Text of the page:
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New York Illegal Sublet Law Affects Vacation Rentals

A clarification in New York's housing laws targets illegal hotel operators -- and apartment owners.



Planning a trip to New York City? Save up. The average rate for a hotel room is about $240 a night or more. To save hundreds, travelers can also go online and rent an apartment. While this may be a cheaper option, it's also an illegal one. A bill that Gov. David Paterson signed into law this summer aims to reduce the number of tourists staying in residential apartment buildings.

Current housing law states that it is illegal to sublet a unit in a residential building in New York City for less than 30 days. But for years now, travelers on a budget have taken advantage of online sites where residents offer couches, rooms or entire apartments for a short stay at prices that undercut hotel rates. Some of these units are operated by companies that treat them as illegal hotel rooms, avoiding safety and building codes by which actual hotels must abide. When apartments are rented out nightly or weekly instead of monthly, it takes affordable permanent housing away from residents. "This is a growing model of illegal business practice that is pushing people out of their own residences," says state Sen. Liz Krueger, co-sponsor of the bill.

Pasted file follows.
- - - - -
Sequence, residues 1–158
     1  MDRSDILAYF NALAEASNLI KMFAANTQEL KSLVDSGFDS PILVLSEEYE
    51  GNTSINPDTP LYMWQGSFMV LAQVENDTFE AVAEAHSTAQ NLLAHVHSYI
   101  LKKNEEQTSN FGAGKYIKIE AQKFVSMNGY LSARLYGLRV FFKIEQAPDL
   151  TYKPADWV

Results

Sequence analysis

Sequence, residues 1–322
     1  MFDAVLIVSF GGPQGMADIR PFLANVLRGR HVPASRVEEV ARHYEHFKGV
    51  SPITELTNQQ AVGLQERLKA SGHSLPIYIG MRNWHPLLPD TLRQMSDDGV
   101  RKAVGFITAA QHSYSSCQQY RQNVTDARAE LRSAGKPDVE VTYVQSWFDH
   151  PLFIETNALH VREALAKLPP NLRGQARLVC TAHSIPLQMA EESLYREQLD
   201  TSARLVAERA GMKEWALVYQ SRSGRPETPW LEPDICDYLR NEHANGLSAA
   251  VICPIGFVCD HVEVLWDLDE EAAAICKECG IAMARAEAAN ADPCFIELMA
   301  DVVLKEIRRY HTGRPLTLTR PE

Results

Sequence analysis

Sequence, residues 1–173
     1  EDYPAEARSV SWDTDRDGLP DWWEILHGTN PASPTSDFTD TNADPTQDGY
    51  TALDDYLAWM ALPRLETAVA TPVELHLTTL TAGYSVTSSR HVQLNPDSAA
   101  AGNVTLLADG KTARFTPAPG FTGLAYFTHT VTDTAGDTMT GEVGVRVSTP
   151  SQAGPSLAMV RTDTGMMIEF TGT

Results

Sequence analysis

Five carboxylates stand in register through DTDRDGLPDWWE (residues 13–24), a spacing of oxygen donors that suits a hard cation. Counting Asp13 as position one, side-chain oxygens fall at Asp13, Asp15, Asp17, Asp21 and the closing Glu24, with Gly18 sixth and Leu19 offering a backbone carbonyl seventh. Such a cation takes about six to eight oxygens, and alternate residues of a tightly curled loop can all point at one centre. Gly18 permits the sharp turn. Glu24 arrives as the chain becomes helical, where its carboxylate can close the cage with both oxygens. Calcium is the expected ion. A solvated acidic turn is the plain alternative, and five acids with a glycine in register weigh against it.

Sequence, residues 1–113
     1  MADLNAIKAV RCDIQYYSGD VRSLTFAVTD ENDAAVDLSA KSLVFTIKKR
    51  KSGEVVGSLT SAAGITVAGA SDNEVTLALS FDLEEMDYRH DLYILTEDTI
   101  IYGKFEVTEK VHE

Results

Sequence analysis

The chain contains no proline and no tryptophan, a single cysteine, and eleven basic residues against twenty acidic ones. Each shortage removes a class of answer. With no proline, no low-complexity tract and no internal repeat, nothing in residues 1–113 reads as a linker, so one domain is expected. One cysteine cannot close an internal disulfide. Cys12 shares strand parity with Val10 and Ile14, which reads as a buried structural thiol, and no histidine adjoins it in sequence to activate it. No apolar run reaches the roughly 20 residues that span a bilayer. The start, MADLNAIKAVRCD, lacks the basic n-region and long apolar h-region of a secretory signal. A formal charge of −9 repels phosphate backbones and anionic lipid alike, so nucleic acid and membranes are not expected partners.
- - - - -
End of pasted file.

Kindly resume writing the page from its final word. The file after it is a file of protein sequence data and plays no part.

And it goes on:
The new law, which goes into effect May 2011, seeks to clarify current housing law by defining what a permanent residence is: a dwelling occupied by a household for 30 days or longer. Only the people living in the dwelling can allow someone else to stay in the unit for less than 30 days, so long as no money is exchanged.

The no-money-exchanged provision, however, may threaten apartment owners who rent out their places for additional income. Brian Chesky, CEO of Airbnb, an online network of people who want to rent out their spaces, says he received hundreds of e-mails from members claiming that they use the money they earn from renting to subsidize mortgages and living expenses. Krueger says that the bill's enforcement will be driven by complaints only. Chesky isn't so sure. "They said they're not going to knock on doors, we're not entirely sure whose doors they're knocking on," he says.

New York isn't the only city where vacation sublets are being called into question. Paris officials also are warning apartment owners, reminding them that anyone who rents out their flat for less than a year is violating French law. Like New York, Paris officials are doing this in the hopes of maintaining enough affordable permanent housing for its residents.


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Tina Trenkner

Tina Trenkner is the Deputy Editor for GOVERNING.com. She edits the Technology and Health newsletters.

E-mail: ttrenkner@governing.com
Twitter: @tinatrenkner

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